MCDERMOTT:  Well, I think we then have to propose the changes in the Medicare program that makes sense to preserve the program and control the costs.  I think that everybody understands you need to have cost control.  But the fact is, that you don‘t do it by taking away people‘s benefits and throwing them into the loving arms of the insurance companies with a voucher in their hand.  And we can come up and we have come up with another proposal and it‘s in place, and we‘re implementing it and the president is going to be re-elected and by 2014, it will be all in place for this country to have health security. 

UYGUR:  Well, you are quite optimistic on that.  So, that‘s good.  But let me throw one charge that Paul Ryan levels against you guys and get your reaction to that.  He says, you guys are doing class warfare.  Let‘s watch.  


RYAN:  Class warfare may be clever politics but it‘s terrible economics.  Redistributing wealth never creates more of it. 


UYGUR:  How do you respond to that, congressman? 

MCDERMOTT:  Well, they started the class warfare by tax cuts for the rich.  We‘ve got people making more than a million dollars a year and we‘re giving them tax breaks at a time when we‘re cutting off child care, we‘re cutting off day care.  We‘re cutting off people from Medicare, they‘re reducing unemployment benefits in the states.  We‘re doing all kinds of things to people at the bottom but we‘re still giving money to people at the top.  That‘s class warfare.  

UYGUR:  Yes.  And Ryan‘s plan by the way cuts the top rate from 35 percent to 25 percent,  redistributes the wealth from the middle class which he cuts dramatically, whether it‘s Medicare, Medicaid, all those things and the poor, and redistributes it to the top.  So, apparently if you‘re redistributing it to the top, it‘s totally OK.  It‘s only if you‘re trying to help the middle class or the poor that you run into a problem.  

MCDERMOTT:  Moving it toward the top is not class warfare.  That‘s just giving them what they deserve or need or something.  But anytime you come out and stand for the people at the bottom, that‘s called class warfare.  That is not going to work in the election of 2012.  They‘re already finding it out and that‘s why they‘re throwing Paul under the bus.  The speaker has said, you know, I‘m not for one plan.  He took this bill out on the floor and passed it.  And now he‘s saying, well, that was just, you know, I don‘t stand by it.  You can‘t have it both ways.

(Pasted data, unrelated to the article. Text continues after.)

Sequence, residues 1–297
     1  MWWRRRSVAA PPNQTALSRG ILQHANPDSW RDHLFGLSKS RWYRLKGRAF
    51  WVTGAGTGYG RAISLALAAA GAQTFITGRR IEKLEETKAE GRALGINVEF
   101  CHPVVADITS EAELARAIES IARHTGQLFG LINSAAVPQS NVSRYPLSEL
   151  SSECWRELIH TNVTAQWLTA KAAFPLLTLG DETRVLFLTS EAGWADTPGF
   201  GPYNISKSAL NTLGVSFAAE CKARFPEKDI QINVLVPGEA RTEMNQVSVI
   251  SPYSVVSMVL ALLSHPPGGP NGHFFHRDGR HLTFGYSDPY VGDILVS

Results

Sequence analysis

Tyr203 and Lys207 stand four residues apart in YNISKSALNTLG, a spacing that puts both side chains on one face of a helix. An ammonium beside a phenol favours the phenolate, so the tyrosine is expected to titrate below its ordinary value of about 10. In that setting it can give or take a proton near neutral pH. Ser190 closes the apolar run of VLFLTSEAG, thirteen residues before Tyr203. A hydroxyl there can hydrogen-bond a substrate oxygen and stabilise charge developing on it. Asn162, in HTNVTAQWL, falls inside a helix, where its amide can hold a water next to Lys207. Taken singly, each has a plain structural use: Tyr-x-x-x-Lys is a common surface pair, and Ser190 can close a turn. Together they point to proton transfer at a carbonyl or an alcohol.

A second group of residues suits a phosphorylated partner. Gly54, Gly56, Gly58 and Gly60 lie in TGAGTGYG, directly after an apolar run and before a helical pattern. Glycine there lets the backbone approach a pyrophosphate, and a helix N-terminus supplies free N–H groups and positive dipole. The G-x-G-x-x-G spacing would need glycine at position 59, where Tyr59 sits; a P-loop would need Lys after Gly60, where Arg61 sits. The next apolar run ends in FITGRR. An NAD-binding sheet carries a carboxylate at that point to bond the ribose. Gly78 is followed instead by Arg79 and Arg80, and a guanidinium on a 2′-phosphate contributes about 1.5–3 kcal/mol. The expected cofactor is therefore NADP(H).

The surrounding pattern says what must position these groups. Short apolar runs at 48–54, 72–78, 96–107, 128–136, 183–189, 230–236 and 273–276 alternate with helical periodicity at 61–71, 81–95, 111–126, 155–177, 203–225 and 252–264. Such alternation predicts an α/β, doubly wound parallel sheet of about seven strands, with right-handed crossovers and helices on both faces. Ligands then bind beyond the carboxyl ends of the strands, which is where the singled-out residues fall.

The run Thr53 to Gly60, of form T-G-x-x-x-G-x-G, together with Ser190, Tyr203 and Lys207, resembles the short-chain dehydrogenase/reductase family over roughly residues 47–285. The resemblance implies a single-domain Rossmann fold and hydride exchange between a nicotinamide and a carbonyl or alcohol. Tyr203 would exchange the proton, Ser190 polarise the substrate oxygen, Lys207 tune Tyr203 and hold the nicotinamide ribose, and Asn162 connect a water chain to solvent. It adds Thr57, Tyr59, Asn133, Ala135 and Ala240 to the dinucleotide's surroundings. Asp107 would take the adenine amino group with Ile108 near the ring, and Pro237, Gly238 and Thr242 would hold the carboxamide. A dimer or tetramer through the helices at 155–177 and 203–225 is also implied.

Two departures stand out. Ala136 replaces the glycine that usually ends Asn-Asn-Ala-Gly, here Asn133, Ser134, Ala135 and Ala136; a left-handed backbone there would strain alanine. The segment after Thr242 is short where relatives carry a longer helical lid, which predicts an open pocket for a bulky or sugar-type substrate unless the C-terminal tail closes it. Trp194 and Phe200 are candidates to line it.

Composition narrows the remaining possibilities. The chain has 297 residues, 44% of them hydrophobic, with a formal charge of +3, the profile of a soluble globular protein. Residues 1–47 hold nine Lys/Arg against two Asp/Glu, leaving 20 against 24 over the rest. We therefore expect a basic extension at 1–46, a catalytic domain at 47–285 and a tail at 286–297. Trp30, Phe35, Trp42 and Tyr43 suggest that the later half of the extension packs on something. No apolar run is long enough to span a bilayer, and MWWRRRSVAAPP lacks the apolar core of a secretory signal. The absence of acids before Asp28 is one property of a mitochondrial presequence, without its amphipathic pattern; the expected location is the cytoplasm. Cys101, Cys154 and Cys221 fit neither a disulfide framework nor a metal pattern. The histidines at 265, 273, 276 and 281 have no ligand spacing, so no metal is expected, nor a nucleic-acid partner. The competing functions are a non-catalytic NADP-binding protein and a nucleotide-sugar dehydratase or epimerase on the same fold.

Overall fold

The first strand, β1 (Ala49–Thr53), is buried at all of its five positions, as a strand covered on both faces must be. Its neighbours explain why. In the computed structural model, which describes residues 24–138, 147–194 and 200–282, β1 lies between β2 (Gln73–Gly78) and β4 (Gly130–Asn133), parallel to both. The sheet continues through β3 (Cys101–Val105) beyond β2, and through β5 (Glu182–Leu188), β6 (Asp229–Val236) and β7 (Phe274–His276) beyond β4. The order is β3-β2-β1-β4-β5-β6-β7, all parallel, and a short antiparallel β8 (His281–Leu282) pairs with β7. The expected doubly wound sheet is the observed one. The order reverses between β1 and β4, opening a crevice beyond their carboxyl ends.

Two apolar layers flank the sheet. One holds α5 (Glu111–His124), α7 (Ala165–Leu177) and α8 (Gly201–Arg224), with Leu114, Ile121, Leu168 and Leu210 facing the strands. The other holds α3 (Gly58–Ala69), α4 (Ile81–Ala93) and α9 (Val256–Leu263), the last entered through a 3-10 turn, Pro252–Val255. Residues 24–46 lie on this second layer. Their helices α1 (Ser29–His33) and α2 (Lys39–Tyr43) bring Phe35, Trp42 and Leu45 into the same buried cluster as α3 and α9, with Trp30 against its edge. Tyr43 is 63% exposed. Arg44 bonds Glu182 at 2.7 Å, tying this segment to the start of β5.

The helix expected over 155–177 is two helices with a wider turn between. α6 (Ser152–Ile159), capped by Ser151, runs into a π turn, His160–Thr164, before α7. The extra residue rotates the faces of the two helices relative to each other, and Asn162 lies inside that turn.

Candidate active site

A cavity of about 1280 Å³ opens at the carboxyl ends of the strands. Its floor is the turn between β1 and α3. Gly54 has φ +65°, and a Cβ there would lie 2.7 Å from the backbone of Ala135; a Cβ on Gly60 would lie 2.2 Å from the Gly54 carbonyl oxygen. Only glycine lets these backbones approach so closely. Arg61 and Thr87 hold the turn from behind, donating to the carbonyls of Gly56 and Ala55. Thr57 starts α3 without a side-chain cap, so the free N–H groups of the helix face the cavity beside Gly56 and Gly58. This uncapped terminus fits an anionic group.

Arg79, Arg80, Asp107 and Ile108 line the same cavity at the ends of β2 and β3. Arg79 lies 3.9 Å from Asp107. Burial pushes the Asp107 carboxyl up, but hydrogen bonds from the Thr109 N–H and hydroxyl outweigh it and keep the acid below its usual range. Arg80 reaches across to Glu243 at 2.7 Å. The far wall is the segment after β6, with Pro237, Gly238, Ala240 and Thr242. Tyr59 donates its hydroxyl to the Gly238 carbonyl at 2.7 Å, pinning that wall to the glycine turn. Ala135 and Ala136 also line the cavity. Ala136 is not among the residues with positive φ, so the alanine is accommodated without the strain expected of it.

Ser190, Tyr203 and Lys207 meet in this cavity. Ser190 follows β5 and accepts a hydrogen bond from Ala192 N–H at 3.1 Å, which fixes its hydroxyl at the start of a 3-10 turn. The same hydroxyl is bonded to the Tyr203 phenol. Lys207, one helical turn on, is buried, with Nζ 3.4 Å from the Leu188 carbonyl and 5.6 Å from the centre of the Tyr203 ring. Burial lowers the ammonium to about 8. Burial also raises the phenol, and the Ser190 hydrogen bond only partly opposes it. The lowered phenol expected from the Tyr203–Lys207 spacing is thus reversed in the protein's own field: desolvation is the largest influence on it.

UYGUR:  Well, they‘re definitely trying to have it both ways, there‘s no question about that.  Congressman Jim McDermott, thank you for joining us tonight.  We really appreciate it.  

MCDERMOTT:  See you again. 

UYGUR:  All right.  Now, when we come back, there are some big signs America has had enough of the hot air that Beck and Rush are putting out on to the air.  We‘ll show you why, that‘s next.       


UYGUR:  That‘s President Obama today surprising the kids at Booker T.  Washington High School in Memphis, Tennessee.  The president was there to deliver the commencement address, and he was praising the school for winning its annual raise to the top competition and for boosting its graduation rate by 31 percent in just five years.  Some of the kids were completely overcome with emotion as he dropped by for a visit. 


PRES. BARACK OBAMA (D), UNITED STATES:  Still have big, big expectations for you.  So, don‘t think it just because you graduated from high school that that‘s it.  You have a lot more work to do.  Because I expect all of you to be leaders in this community and communities all across the country.  And this is just the beginning.  This is not the end.  All right?  So God bless you guys.  I‘m so excited to be here. 



UYGUR:  Now, everybody knows that Glenn Beck has been run off TV.  He‘s leaving FOX News.  But he claims it‘s totally OK because he‘s going to go back to his radio empire.  Well, here‘s the problem with that, his radio clear is also crumbling.  Glenn has been kicked off the air in nine cities since January.  And in New York, they didn‘t beat around the Bush when asked why.  They said, quote, “the reason is ratings, somewhat to our surprise the show wasn‘t getting what we wanted.”  And look, getting kicked off air in New York, Philadelphia and some of those other cities is devastating in radio, especially New York.  But Beck is not the only right winger on the decline either.  Boston‘s WTKK canceled crazy conservative Jay Severin just last month.  He‘s been suspended in 2009 over some truly disgusting racial slurs including calling Mexicans primitives, leeches and exporters of women with mustaches and venereal diseases.